24th Annual Study of Logistics and Transportation Trends: Serving up friendly freight


Current conditions have rendered the primary pursuit to reduce transportation costs ineffective. A cure for the “cost savings addiction” is a collaborative partnership that has an aligned long-term view of mutual success. By Mary C. Holcomb and  Karl B. Manrodt | Logistic Management

The worst global recession since World War II precipitated an evolution intransportation that’s still in progress. For shippers, excess transportation capacity during much of the recession enabled them to negotiate substantial reductions in transportation rates.

These cost savings became a key contributor to many shippers’ bottom lines; and after multiple years of being able to obtain sizable discounts in their transportation rates, shippers have taken these savings for granted.

The results of the 24th Annual Trends and Issues in Transportation and Logistics Study indicate that these cost savings are even more important today as financial performance is essentially flat year-over-year for a large percentage of companies participating in the 2015 survey.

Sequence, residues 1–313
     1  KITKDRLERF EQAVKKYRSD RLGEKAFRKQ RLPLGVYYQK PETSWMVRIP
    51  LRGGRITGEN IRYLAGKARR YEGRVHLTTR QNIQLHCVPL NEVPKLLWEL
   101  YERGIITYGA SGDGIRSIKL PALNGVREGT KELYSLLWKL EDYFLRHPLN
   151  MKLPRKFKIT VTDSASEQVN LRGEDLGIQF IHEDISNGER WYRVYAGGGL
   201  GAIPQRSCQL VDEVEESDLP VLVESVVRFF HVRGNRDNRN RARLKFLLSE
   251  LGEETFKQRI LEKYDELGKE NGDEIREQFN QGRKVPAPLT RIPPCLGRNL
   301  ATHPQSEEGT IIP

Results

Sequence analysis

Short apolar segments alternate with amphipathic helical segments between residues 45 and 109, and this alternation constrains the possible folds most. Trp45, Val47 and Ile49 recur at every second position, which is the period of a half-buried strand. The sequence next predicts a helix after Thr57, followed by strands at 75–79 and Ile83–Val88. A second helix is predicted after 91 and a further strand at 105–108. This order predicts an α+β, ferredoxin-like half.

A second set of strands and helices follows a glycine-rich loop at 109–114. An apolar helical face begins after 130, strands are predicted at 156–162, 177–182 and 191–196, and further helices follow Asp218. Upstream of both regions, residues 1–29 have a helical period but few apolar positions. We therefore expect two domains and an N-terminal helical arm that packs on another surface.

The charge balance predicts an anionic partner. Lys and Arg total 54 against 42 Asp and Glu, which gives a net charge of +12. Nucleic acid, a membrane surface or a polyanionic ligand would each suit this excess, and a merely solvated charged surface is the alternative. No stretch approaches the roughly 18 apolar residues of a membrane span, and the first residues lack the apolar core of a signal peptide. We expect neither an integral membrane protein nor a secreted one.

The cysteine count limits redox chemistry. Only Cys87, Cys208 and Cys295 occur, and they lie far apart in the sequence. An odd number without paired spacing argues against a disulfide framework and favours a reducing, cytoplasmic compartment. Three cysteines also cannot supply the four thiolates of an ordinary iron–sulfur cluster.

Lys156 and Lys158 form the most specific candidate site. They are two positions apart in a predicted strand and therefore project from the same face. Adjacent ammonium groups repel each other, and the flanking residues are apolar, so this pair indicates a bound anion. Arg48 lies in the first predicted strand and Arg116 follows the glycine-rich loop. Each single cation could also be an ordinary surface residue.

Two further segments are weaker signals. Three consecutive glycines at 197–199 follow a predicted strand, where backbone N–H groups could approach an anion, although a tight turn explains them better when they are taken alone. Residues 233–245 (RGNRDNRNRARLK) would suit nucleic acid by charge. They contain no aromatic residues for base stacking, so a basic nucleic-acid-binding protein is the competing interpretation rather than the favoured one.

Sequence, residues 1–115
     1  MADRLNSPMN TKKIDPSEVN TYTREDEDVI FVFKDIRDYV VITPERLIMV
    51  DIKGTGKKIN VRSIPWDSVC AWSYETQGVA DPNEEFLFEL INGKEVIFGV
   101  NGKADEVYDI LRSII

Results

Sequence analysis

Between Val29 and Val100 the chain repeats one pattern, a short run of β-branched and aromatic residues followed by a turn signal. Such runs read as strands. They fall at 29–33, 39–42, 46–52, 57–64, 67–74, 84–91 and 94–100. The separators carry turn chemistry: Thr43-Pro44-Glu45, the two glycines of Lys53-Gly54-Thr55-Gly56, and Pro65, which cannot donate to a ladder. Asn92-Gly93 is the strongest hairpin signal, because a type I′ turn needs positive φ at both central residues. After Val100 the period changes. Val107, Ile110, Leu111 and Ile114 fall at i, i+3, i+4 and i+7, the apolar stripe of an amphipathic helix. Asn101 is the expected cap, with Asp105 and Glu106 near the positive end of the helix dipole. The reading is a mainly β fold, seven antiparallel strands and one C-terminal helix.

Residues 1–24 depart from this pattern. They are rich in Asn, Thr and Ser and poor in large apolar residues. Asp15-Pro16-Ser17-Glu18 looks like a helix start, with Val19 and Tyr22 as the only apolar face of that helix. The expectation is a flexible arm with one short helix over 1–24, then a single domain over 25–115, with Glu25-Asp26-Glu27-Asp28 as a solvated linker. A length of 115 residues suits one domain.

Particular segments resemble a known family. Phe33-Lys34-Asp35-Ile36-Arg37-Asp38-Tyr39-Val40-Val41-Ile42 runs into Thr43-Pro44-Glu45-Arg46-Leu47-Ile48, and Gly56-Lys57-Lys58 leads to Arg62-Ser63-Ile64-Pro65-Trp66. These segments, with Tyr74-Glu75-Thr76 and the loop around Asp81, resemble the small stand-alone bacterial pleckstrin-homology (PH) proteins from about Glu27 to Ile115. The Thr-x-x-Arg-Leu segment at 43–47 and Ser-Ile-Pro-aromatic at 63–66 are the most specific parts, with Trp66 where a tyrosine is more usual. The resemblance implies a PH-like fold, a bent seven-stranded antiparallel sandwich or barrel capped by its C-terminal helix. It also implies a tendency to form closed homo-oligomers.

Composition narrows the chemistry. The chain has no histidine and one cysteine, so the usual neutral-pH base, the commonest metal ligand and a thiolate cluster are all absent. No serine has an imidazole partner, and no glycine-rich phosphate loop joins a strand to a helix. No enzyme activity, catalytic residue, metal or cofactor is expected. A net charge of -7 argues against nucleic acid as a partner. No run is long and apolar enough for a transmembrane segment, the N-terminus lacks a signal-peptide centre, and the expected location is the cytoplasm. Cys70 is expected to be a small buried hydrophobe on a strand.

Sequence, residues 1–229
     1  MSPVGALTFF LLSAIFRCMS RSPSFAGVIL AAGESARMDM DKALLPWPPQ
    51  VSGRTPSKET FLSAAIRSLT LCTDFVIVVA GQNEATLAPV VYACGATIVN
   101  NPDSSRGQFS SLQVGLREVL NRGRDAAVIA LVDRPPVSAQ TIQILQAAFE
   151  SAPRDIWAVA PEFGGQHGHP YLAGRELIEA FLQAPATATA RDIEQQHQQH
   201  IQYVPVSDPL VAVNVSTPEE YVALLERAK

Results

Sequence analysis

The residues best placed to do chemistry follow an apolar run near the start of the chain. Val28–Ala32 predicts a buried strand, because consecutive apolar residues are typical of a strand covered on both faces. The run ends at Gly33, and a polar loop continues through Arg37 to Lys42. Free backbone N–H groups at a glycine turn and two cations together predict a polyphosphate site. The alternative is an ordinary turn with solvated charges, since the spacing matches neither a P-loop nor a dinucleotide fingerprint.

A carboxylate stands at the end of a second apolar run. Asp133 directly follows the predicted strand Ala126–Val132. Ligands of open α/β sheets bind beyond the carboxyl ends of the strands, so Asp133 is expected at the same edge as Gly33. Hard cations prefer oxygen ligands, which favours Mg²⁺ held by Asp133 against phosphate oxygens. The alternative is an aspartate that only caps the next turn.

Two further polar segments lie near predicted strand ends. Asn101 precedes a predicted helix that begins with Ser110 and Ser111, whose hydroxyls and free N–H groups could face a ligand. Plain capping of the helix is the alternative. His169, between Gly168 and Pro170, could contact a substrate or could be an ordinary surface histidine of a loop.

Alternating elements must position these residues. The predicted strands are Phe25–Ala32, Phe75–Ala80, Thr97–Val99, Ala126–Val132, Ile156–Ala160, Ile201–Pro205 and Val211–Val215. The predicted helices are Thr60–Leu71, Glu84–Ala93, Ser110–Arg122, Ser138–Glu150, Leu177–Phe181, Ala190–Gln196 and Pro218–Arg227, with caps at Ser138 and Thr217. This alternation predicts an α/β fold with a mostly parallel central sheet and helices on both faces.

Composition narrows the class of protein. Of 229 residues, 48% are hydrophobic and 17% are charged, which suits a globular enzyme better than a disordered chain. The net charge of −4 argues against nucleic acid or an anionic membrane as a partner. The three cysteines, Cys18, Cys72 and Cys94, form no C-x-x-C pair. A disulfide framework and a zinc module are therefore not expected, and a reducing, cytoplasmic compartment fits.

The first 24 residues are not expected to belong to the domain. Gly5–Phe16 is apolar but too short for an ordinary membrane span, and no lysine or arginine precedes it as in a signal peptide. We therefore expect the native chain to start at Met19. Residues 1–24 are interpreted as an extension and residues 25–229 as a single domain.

For motor carriers, the lessons learned during the severe economic downturn, along with the impact of several regulatory changes, have compelled them to maintain a level of discipline regarding capacity that has kept them from returning to pre-recession behavior. The upshot is that demand for transportation has exceeded the available capacity in several surface transportation modes.

Forecasts indicate that this imbalance will increase as the driver shortage in trucking gets worse in the future—and the new reality for shippers is one of transportation rate increases into the foreseeable future. This situational change has many shippers experiencing the pain of withdrawal from their previous, enviable position.

For the first time in our careers, carriers, rather than shippers, are in the position of power in the relationship, and the shift has put new meaning and emphasis on the familiar terms “favored shipper,” “shipper of choice,” and “carrier-friendly freight.”